Epistemology, Lights, and Power in Javanese Wayang Puppet Play
Sumarsam, Tue. March 3, 2-3pm. 220 York Street room 001
Integrated with gamelan, dance, and visual arts, and its endemic to socioreligious life, Javanese wayang puppet play commands deep aesthetic, religious, and emotional adherence. However, since the 1980s wayang performance has gone through radical transformation, involving the adaptation of Western technology and theatrical idioms. The tendency to spectacularize the play—the use of bright electric light sources (sometimes with many colors) and elaborate amplification systems with large speakers, the featuring of several female singers and stand-up comedians, the incorporation of Indonesianized Western pop music and Western instruments, and so forth—has brought about pro and con discussion of the present and future wayang.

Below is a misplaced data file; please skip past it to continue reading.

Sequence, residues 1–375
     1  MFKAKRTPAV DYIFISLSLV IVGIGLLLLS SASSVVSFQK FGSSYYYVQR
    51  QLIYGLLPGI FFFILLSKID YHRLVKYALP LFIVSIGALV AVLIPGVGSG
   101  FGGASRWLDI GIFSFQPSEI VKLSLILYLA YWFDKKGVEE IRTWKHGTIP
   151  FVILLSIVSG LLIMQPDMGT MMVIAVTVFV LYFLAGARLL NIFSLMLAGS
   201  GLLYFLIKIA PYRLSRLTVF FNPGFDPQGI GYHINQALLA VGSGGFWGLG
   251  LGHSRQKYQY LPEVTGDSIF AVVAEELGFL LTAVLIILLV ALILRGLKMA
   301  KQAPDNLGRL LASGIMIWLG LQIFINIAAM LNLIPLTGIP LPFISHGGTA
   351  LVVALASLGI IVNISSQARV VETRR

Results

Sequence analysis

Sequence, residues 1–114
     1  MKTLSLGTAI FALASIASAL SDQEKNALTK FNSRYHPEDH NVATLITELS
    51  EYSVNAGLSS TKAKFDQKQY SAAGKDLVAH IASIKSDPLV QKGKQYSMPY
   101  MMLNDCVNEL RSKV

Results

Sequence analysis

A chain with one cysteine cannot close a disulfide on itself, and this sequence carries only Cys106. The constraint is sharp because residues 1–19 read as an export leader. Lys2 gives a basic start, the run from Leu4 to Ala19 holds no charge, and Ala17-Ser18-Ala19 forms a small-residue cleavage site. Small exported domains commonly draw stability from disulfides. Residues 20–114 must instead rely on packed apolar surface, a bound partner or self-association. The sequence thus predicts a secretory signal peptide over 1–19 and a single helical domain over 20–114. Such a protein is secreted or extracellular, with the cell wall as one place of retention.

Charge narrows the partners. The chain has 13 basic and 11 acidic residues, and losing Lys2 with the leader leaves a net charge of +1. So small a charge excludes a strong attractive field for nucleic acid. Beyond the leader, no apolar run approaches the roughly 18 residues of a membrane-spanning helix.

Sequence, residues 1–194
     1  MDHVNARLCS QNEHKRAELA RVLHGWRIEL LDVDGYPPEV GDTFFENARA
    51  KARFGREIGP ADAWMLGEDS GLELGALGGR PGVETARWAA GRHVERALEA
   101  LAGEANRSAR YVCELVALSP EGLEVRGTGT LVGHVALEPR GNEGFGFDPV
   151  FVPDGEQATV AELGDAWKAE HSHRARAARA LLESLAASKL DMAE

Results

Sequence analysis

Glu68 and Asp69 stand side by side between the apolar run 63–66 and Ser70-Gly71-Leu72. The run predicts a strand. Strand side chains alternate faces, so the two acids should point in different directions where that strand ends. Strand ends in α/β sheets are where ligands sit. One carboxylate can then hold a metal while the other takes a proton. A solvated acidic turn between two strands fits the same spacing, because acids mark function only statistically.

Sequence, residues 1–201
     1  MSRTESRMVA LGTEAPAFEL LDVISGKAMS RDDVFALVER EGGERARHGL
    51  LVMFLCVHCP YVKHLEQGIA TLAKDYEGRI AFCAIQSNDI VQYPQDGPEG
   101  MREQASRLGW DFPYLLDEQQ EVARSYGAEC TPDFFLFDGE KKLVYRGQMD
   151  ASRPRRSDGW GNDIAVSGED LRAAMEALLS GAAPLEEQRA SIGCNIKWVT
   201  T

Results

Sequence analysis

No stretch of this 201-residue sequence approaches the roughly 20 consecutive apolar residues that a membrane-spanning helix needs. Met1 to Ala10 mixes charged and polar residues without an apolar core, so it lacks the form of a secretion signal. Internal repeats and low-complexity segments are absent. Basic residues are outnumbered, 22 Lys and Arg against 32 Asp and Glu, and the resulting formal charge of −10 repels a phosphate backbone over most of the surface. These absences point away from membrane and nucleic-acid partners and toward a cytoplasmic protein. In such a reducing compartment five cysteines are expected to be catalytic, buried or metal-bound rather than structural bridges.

Sumarsam has played Javanese gamelan since childhood. He was also trained as puppeteer. He holds a BA from Indonesia music academy, MA from Wesleyan, and PhD from Cornell. Currently, he holds the status of Winslow-Kaplan Professor of Music at Wesleyan. His research on the history, theory, and performance practice of gamelan and wayang, and on Indonesia-Western encounter theme has resulted the publication of numerous articles and two books: Gamelan: Cultural Interaction and Musical Development in Central Java (1995) and Javanese Gamelan and the West (2013). Sumarsam’s recent research focuses on the intersections between religion and performing arts. He is the recipient of a number of fellowship grants and awards, including the NEH and the ACLS fellowship, and Indonesian Bintang Satyalencana Cultural Award. He was recently named the 2018 honorary membership of the Society for Ethnomusicology. This year, he is a Yale ISM Fellow.